So, it was all her fault. Another kid gone. She shut down part of her mind. She didn’t want to think about what the grown-ups would do to Small Sam.

  She started to cry. She didn’t care who saw it. Callum looked at Josh. They both felt awkward. In the end it was Josh who squatted down next to her and put an arm around her shoulders.

  “It’s all right, Max,” he said quietly. “We’ll be all right. Something’ll happen, someone will come. Something’s gonna change. W
hen Arran and the others get back we’ll talk about it maybe, yeah? Make a plan?”

  “What’s the point?” said Maxie.

  “When Arran gets back, yeah?”

  Maxie looked up into Josh’s concerned, grubby face. “Sorry,” she said.

  “Come on,” said Callum. “Let’s try and find out how they got over the wall. Then we should get back inside.”

  “Yeah.” Maxie jumped up. It was okay as long as you were doing something, as long as you didn’t stop and think.

  She wished Arran were here, though. She always felt safer when he was around.

  It was just . . . What was he going to think?

  Another kid gone.

  All her fault.

  A burster was lying in the middle of the road. A father by the looks of it, though it was hard to tell. He had the familiar look of a vegetable, or a piece of fruit, left too long in the sun. The skin blackened, shriveled and split, the overripe flesh inside squeezing out. His insides had turned to mush. This was what happened if any grown-up lived long enough to let the disease run its full course. They literally burst.

  Arran prodded the body with his sneaker. As he did so, the skin popped, and a stream of pus oozed out, followed by a bright pink blossom of soft fat.

  Arran was leading the scavenger party. Tall, fair-haired, and athletic, he had a knife in his belt and carried a pickax handle as a club.

  “Gross,” sniggered the boy at his side, who had a shock of curly hair bleached almost white.

  “Come on. We don’t have time for this.” Arran turned his back on the corpse and continued up Holloway Road. When the disaster first happened the kids had been appalled and fascinated by dead bodies. Now they were used to them. They hardly even noticed them. A burster, though, was still a little special.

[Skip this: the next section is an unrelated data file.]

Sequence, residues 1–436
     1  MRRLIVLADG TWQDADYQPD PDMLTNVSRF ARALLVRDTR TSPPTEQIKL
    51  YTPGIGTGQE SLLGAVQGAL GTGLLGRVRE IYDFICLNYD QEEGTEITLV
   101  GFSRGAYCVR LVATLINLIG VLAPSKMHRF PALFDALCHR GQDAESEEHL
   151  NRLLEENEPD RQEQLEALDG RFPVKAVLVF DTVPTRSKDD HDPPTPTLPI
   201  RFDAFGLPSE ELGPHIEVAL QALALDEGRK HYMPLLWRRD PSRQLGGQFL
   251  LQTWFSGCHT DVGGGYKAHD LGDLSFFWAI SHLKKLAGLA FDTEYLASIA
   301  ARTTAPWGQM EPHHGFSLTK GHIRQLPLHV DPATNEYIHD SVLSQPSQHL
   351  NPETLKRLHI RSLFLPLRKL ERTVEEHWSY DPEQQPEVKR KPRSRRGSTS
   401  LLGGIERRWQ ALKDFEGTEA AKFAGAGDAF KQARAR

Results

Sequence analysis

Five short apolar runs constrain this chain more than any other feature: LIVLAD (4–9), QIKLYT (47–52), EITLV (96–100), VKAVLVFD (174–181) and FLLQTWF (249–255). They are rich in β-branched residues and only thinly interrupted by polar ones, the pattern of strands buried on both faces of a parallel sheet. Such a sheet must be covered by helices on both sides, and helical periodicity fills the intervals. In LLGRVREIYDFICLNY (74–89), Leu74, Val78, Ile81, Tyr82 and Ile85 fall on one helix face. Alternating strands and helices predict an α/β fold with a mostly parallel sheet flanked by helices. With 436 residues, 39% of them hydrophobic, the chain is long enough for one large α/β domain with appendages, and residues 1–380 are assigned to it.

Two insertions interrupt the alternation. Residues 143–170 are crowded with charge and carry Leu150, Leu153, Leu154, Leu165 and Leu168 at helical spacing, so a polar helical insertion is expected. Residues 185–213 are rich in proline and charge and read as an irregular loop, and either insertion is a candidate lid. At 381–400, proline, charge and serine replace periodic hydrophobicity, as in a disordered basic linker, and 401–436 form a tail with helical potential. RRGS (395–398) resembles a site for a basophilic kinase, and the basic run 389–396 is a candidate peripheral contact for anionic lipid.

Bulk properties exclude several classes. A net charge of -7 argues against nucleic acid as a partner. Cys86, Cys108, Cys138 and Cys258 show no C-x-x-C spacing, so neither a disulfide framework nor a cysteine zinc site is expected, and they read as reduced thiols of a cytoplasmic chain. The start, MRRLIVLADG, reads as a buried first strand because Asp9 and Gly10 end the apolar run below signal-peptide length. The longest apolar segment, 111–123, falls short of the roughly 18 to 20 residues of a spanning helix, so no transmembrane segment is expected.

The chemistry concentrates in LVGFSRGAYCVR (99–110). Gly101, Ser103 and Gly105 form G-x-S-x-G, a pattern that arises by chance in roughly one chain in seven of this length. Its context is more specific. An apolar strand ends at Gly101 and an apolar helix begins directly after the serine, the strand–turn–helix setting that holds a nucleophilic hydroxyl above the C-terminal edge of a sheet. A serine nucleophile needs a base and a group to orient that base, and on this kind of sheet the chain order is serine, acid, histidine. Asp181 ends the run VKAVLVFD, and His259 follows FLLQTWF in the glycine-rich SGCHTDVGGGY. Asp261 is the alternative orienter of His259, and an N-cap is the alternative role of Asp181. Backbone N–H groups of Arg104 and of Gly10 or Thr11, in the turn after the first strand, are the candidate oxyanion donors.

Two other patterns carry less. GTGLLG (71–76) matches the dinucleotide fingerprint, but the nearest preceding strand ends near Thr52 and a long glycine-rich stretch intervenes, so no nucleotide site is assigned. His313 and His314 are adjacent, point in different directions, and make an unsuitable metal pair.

The scavenger party took up their positions with Arran and trudged on. They hadn’t gone another hundred yards, however, before the bleach-haired boy, Deke, slowed down.

  “What’s that?”

  They stopped and listened.

  “Dogs,” said another boy, and he moved to the front. He was shorter than Arran and not as strong. He had proved time and time again, though, that fighting was not all about strength. Arran was the leader, but Achilleus was the best fighter of them all, with a wiry build, dark eyes, and olive skin. He spent most of his spare time shaving elaborate patterns into his short hair. He could be moody and sarcastic and quick to lose his temper, but nobody much minded because he’d saved them all many times with his combat skills. He moved fast, used his brain, and was utterly ruthless in a fight.

  They waited. They could hear the dogs long before they saw them. A cacophony of howling, yelping, and barking. All jumbled together, it sounded like a single mad beast.

  Achilleus leveled his spear, pointing it toward the noise. It was made from a metal spike he’d found on a building site. It had a heavy lump at one end, and he’d sharpened the other into a vicious point. It was perfect for keeping grown-ups at bay. He could stab with the front and use the back end to batter them. It was definitely not for throwing. Too precious for that.

  Arran took up a defensive position behind him, next to Freak and Deke. Freak and Deke were a team, best mates. Before the disaster they’d taken to the streets armed only with spray cans. Their tag was “Freaky-Deaky,” and it could be seen all over Tufnell Park and Camden Town, sprayed on walls and shutters, stenciled on to the sidewalks, scratched on the glass in bus shelters. They knew all the back ways, all the alleys and shortcuts. Freak, whose real name was David, had close-cropped hair and a thin, pinched face. He was always sniffing. Deke was the bigger of the two. He was good looking and would have been popular with the girls if he hadn’t spent all his time with Freak. The two were inseparable, always finishing each other’s sentences and laughing at each other’s jokes. Freak carried an ax and Deke a sledgehammer. They were mainly for knocking down doors and opening windows, although, if needed, they could be used as weapons.

  The last in the group was Ollie. Small and red haired, the cleverest of them all. He had sharp eyes and could think quickly. He kept himself to himself, and most of the time he kept quiet. But when he did speak, people listened. Arran would often ask Ollie for advice, and it was never seen as a weakness. Ollie always knew the best thing to do.

  As the barking of the dogs grew louder, Ollie stepped back and to one side, keeping a clear line of sight. His weapon was a slingshot that he had taken from a sports shop. It was a powerful hunter’s model, with a pistol grip and a metal brace that fitted over his forearm. He drew the rubber band back and tucked a heavy steel ball into the worn leather pouch.

  Whenever the kids were outside of camp, they traveled in groups of at least four. One to look ahead and lead the way, two to check the sides, and one to watch their backs. But, as Freak and Deke always worked together, there were five of them today. They had learned early on to move down the middle of the roads, rather than to stay out of sight among the buildings along the sides. Grown-ups could hide in the shadows and grab you from the darkness. They weren’t such a threat in the open, because on the whole they didn’t move fast enough. The biggest danger was if you got surrounded.